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ROI of Wellness Programs

According to the Centers for Disease Control, more than 75% of employers' health care costs and productivity losses are related to employee lifestyle choices. Reviewing wellness programs ROI, a $1 investment in wellness programs saves $3 in health care costs, according to the Wellness Council of America.

http://www.forbes.com/2006/04/21/wellness-programs-gold-standards-cx_tz_0424wellness.html

This was the question addressed by speakers at the 16th Annual Art and Science of Health Promotion Conference in Las Vegas last week. The answer--once again--is a case of "good news; bad news."

On the positive side, it doesn't take much of an improvement to make wellness initiatives pay off (less than a 1% reduction in risk factors). On the negative side, even small improvements can be tough to achieve. People with the most severe problems have little interest in lifestyle changes, and even those that do find it very difficult.

In general, employers can earn back the cost of programs over the course of five years if they can reduce risk factors by less than 0.2 percent. This is the conclusion of research delivered by Dr. Ron Goetzel, Cornell University. He cited one company that stands to make three dollars for every dollar spent, which would mean $50 million over five years.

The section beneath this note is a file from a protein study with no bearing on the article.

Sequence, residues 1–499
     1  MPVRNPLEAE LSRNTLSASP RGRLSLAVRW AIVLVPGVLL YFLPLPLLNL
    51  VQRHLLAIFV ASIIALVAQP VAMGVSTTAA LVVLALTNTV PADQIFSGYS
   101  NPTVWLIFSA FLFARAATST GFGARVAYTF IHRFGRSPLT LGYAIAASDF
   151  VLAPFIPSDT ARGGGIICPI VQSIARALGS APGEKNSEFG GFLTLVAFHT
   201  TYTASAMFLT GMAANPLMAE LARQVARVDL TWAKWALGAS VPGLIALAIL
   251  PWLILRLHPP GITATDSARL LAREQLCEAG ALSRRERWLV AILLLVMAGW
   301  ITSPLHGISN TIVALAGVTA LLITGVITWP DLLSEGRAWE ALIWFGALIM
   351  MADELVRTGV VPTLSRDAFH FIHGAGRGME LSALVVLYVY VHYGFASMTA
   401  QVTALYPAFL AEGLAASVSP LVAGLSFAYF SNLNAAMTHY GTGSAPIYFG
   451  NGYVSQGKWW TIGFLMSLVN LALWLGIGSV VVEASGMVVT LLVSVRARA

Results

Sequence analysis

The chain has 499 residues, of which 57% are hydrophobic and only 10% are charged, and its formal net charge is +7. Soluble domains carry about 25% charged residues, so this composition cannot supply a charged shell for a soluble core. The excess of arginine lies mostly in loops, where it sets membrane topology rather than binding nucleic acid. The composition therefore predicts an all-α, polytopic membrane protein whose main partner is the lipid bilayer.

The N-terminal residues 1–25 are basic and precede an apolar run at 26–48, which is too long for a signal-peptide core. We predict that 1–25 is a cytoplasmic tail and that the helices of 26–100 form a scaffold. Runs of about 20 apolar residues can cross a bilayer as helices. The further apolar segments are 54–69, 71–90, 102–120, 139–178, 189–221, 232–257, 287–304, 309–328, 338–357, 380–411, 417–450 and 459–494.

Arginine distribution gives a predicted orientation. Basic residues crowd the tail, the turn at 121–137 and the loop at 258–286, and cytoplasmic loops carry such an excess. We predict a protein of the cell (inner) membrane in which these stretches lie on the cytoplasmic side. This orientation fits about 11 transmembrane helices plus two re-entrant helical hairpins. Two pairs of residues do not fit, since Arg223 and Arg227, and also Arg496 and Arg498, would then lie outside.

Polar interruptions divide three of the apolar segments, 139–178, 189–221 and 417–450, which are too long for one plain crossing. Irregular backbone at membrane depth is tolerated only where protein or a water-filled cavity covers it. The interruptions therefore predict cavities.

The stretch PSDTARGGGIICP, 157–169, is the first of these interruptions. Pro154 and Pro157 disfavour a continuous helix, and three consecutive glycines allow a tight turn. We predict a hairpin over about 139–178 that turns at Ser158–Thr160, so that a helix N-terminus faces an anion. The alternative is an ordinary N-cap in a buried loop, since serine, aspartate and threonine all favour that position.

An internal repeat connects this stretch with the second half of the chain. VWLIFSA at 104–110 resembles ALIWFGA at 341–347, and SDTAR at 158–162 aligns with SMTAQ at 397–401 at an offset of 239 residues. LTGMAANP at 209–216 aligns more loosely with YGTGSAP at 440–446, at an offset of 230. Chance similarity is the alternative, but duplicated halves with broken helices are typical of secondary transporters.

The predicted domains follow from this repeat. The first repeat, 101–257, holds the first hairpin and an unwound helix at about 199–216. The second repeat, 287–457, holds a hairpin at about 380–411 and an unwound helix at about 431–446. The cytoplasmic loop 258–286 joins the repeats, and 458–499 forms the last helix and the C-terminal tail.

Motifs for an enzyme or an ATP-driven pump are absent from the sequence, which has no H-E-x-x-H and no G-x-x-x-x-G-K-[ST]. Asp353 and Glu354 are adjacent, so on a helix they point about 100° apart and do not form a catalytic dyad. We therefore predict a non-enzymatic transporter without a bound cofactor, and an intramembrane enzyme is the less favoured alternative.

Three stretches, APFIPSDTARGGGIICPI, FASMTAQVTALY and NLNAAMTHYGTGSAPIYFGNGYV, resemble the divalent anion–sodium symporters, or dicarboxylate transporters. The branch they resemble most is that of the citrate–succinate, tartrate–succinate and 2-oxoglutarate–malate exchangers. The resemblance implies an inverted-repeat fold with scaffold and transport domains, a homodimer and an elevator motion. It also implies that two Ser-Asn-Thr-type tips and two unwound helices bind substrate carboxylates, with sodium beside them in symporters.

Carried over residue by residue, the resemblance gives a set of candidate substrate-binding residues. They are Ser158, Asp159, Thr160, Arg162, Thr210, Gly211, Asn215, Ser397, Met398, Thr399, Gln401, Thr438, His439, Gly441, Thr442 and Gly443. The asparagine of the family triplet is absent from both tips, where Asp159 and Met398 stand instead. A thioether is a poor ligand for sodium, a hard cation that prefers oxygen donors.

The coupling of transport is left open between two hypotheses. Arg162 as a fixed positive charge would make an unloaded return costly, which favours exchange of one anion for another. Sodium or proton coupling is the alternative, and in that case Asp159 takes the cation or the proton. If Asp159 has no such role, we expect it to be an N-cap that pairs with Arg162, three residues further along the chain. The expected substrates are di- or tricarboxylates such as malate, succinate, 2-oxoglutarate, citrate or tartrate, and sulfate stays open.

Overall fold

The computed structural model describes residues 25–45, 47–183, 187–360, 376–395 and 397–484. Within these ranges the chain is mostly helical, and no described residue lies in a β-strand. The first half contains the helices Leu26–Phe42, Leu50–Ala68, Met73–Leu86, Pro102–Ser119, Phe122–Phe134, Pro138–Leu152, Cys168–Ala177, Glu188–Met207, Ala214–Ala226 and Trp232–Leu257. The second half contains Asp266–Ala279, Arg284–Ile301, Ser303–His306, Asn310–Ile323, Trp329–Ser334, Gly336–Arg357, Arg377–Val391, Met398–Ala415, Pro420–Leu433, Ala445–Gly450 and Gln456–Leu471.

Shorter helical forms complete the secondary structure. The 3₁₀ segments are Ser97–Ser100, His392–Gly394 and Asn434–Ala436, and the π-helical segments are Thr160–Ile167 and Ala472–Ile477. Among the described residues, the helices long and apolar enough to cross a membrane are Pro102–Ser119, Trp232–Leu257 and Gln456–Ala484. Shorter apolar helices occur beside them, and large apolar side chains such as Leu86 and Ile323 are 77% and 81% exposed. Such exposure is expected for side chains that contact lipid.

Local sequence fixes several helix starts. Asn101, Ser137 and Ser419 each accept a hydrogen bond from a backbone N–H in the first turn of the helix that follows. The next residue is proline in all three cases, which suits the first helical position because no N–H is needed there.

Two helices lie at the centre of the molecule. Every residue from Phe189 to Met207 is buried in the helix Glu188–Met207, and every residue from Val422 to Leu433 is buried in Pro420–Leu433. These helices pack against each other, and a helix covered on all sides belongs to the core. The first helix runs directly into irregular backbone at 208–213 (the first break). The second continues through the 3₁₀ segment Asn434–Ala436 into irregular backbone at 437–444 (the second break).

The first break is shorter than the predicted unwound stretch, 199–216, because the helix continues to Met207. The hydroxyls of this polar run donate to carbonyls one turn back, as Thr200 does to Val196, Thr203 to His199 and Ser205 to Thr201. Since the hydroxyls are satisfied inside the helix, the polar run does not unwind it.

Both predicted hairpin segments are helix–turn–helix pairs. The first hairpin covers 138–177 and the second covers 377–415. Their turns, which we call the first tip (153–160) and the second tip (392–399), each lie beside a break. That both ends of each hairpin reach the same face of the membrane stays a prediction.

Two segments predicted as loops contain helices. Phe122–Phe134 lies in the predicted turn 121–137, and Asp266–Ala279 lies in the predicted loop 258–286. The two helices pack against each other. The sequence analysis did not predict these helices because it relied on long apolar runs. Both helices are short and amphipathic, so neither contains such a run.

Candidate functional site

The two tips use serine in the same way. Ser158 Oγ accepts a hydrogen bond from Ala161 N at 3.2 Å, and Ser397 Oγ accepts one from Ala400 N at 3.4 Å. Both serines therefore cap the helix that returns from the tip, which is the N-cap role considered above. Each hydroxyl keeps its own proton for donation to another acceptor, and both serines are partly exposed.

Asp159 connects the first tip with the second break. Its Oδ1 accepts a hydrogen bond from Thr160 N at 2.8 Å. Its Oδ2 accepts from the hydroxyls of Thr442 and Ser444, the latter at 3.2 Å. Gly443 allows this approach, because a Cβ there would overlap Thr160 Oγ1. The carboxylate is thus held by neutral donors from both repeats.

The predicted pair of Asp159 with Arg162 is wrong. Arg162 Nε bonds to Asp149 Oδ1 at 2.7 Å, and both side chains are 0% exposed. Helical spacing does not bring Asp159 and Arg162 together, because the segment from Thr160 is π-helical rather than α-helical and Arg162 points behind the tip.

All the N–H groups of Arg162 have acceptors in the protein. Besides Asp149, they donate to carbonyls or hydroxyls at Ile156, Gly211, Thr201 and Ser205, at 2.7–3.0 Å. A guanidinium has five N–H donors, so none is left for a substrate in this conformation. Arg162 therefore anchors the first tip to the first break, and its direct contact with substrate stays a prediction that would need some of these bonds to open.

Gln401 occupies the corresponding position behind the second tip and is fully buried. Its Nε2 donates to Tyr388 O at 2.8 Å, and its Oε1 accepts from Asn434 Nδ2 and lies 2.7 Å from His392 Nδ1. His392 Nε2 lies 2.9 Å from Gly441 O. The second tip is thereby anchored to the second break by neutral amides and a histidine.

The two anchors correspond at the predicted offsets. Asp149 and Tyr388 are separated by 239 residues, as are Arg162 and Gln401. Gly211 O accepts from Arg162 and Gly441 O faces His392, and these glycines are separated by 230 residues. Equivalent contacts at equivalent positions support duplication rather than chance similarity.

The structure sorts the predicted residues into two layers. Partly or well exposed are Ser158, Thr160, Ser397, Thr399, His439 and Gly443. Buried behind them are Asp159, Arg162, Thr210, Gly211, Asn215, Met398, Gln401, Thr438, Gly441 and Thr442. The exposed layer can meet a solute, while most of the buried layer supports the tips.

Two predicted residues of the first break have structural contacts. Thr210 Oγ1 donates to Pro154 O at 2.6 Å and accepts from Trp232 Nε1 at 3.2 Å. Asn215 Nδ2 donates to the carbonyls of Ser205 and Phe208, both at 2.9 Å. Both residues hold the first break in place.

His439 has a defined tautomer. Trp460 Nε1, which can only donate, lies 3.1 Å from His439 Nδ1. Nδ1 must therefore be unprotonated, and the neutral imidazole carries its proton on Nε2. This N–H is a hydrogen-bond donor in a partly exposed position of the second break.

In a study funded by the Centers for Disease Control and Prevention (CDC), a federal agency, Goetzel looked at a wide range of factors, including healthcare costs, age of workforce, and smoking and other lifestyle factors. Then, drawing on data about the effect of these on healthcare costs and productivity, Goetzel created a return-on-investment (ROI) calculator that allowed him to figure out the minimum improvement required to break even on an investment, as well as the projected ROI that a specific set of improvement assumptions would yield.

Looking at a few specific companies, he found that Dow Chemical would have to achieve a 0.17 percent improvement to break even on its investment. On the other hand, a 1 percent improvement would yield a return of three dollars for every dollar spent. (The dollars at stake are huge for the company, which has 26,000 employees. The 1 percent improvement would mean a savings of about $50 million over 5 years. The Dow budget is estimated at about $15 million over the 5 years.

Other companies had different breakevens, which are a factor of their employee demographics and their investments in wellness. Union Pacific's was about 0.49 percent; Motorola's 0.67 percent.

Goetzel said that he has created an interactive, web-based calculator that would allow employers to calculate ROI and predict returns for themselves (as well as allowing us to "game" what different programs would yield.) He has urged CDC to make it available to the public but had no timetable for when this would happen.